Often dismissed and derided, Tintin’s first outing, Tintin in the Land of the Soviets, was described by author Hergé himself as “a transgression of my youth”. He tended to lump it together with the problematic Tintin in the Congo but went even farther with Soviets and prevented its republication for years. Critics say that the plot is thin, the drawings crude, and that it is nothing but right-wing propaganda. That Soviets is, in all, not a worthwhile Tintin adventure.
Great snakes! This one really seems to be a dud for our brave hero.
Album number: 1 Serialised: 1929–1930 Collected: 1930…
What a year 2020 was. What can be said about it, others have said more eloquently than I can. And the less said about it, the better. Let us all just rejoice that it is behind us and hope that 2021 brings better days. Before moving on, however, I am looking back on the books read during these twelve (only twelve?) strange months.
Heavy on light reading (20ish), there were also plenty of biographies (9), history (8), and popular science (8). The year saw only one work of literary fiction (Amor Towles’ excellent A Gentleman in Moscow, see below), furthering…
Valparaíso, on Chile’s Pacific Coast, is one of South America’s most charming cities. With its barrios stretching up the hills from the coast and port area, it is renowned for the street art and graffiti all over the walls of its steep streets and alleys, serpentine and maze-like. Somewhat faded and dilapidated in places it has a suave vibe, it is spunky and has an edgy, cooler-than-thou feel. Plenty of pisco, ceviche to die for.
With an adopted family of fellow travellers, I spent Christmas in this bohemian wonderland a few years ago. As luck would have it, there was…
Let’s be real. After Ian Fleming passed away in 1964, there hasn’t been much in the way of worthy Bond stories. Some, myself included, might even say that not all the master’s work was up to snuff. That blasphemy is another article for another day. Today it’s about the best non-Fleming Bond novels — or some of the few that are worth your time.
Seven authors have tried their hand at bringing our favourite double-O to life, writing a total of 26 novels, more than doubling Fleming’s output. And that leaves out John Pearson’s fictional biography, the novelisations, Raymond Benson’s…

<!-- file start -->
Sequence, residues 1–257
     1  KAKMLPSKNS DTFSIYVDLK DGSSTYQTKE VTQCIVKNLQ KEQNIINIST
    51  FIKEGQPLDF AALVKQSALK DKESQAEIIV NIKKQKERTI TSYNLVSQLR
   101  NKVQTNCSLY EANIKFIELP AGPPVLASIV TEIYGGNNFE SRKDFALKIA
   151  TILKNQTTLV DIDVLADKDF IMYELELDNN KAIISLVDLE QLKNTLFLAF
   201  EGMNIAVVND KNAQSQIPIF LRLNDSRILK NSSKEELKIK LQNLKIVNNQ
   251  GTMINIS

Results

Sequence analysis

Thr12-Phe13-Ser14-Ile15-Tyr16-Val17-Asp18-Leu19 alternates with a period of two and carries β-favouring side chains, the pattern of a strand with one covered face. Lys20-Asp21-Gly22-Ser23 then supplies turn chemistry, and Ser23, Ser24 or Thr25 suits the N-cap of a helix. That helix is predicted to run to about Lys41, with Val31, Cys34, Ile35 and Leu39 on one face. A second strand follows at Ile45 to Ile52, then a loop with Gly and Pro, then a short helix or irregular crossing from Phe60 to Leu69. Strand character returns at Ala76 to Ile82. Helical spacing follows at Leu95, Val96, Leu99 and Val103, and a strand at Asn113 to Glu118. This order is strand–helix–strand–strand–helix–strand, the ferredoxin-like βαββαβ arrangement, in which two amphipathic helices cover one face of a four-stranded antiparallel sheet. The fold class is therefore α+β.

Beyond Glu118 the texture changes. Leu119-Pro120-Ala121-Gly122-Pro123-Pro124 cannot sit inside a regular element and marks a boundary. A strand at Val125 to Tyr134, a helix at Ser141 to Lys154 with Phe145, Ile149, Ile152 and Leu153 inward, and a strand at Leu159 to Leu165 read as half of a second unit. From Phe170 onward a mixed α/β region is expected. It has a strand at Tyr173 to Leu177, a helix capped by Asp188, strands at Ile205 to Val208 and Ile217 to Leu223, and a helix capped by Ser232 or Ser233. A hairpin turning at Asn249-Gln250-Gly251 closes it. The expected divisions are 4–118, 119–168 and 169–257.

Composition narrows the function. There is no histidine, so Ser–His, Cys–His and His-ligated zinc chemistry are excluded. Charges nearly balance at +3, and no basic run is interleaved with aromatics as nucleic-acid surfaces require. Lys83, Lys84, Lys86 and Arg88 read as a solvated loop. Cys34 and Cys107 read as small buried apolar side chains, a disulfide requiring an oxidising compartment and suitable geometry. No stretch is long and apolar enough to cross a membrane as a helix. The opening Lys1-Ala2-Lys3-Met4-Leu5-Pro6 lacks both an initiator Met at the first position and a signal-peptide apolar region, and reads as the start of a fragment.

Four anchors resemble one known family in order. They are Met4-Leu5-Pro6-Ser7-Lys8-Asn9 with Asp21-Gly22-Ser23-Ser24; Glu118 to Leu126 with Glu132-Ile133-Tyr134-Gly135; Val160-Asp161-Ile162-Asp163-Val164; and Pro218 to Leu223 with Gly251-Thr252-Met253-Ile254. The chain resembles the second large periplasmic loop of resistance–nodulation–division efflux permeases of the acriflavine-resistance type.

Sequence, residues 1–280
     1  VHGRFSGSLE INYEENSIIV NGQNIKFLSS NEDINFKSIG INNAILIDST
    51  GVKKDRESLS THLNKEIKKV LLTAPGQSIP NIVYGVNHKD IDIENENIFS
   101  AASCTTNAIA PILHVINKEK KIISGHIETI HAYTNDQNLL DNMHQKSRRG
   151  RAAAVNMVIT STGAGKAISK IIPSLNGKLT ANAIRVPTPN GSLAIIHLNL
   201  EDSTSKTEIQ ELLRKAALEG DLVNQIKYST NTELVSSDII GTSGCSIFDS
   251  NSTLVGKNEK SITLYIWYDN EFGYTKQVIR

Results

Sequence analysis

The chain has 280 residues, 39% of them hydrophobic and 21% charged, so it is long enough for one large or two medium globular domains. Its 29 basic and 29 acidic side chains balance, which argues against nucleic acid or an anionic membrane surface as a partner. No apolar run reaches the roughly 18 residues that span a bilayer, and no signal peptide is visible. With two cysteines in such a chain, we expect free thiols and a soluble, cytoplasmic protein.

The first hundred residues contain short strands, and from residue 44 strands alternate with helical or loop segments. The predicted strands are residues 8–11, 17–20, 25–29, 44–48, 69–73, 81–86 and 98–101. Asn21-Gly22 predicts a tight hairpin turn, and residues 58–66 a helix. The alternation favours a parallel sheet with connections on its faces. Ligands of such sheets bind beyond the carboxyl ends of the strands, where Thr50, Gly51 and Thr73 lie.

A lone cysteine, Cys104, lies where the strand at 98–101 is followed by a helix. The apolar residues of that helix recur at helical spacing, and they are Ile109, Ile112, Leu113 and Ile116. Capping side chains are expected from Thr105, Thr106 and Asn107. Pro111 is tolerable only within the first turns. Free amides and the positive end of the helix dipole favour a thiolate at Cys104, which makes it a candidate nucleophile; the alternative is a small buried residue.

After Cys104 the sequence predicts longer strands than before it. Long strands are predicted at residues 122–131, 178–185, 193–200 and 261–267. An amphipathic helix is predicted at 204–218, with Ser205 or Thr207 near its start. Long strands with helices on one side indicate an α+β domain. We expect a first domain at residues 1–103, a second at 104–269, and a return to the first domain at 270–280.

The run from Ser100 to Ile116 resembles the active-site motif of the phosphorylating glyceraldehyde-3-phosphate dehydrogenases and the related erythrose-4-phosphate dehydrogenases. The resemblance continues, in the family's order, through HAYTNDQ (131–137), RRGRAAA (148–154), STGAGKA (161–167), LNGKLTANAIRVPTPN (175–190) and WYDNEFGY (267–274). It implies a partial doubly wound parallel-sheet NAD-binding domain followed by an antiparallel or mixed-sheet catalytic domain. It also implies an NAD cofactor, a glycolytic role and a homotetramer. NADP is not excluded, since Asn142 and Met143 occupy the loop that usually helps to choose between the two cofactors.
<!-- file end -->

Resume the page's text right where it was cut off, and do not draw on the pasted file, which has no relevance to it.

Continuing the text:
What if there is one more Dark Tower story waiting to be told? One that ka demands be written?
For the first time since finishing his magnum opus, Stephen King revisited gunslinger Roland Deschain in 2012’s The Wind Through the Keyhole. While a decent story which added a bit of background and enriched the lore of Mid-World, the novel has little bearing on the quest for the Dark Tower. Much like the 1998 novella The Little Sisters of Eluria, set shortly before The Gunslinger, it is not strictly necessary when reading the series.
Indeed, it seemed to me that the…
We called the song Waltz in C-minor because it was in 3/4 time. And in the key of C-minor. It was our power-ballad, brooding and melancholy. The lyrics — written and sung by a twice heartbroken, rum-soaked 22-year-old version of myself — were the only ones that came remotely close to slightly resembling poetry. If you squinted and tilted your head a certain way.
The room is cold without you,
the wind is blowing in the trees
and I can see my breath
in the twilight of the room you’ve left me in
and I can smell you on my…
Today marks 195 years of independence for Uruguay. It was on this day, 25 August, in 1825 that the country declared its independence from the Empire of Brazil. It hasn’t always been smooth sailing but Uruguay is doing pretty well for itself these days.
The most peaceful country in South America in 2020 and second only to Costa Rica in Latin America, Uruguay is described as an egalitarian society with low levels of poverty and nearly no extreme poverty. It scored the second highest in all of Latin America, after Chile, in the 2019 Human Freedom Index. …
Strange, is it not? How one becomes blind to ones habitual surroundings. Even when their beauty is mesmerising to the unjaded eye, one is so steeped in them that they hardly registers.
So it is with myself and Iceland’s natural wonders.
Well, sort of. I am not entirely immune, fortunately. In the right frame of mind, under the right circumstances, I can be more or less as awestruck as any newcomer. Almost. Sort of. I think.
With a new album by the mighty Deep Purple coming out in a little over a week, it seems appropriate to take stock of the music the band has produced since its rebirth in 1994, when guitarist Steve Morse joined the band and replaced the irreplaceable Ritchie Blackmore.
Everything changed when the Man in Black walked out and, for better or worse, Purple has not been the same band since.
For an immersive read, listen to the Spotify playlist below, comprised of the standout songs singled out in the article. …
Whoosh!, Deep Purple’s upcoming album, is now around the corner. 23 days but who’s counting? Well, actually I am.
In addition to Throw My Bones and Man Alive, two more songs have now been released: The Power of the Moon, exclusively as a physical EP on 20 June, and Nothing at All, on 10 July.
Being in Iceland, that little speck of volcanic rock smack in the middle of nowhere, I have sadly not been able to obtain a copy of The Power of the Moon EP. …
Notes and musings from a misspent life. Travel. Music. Books. Films. And other good things too.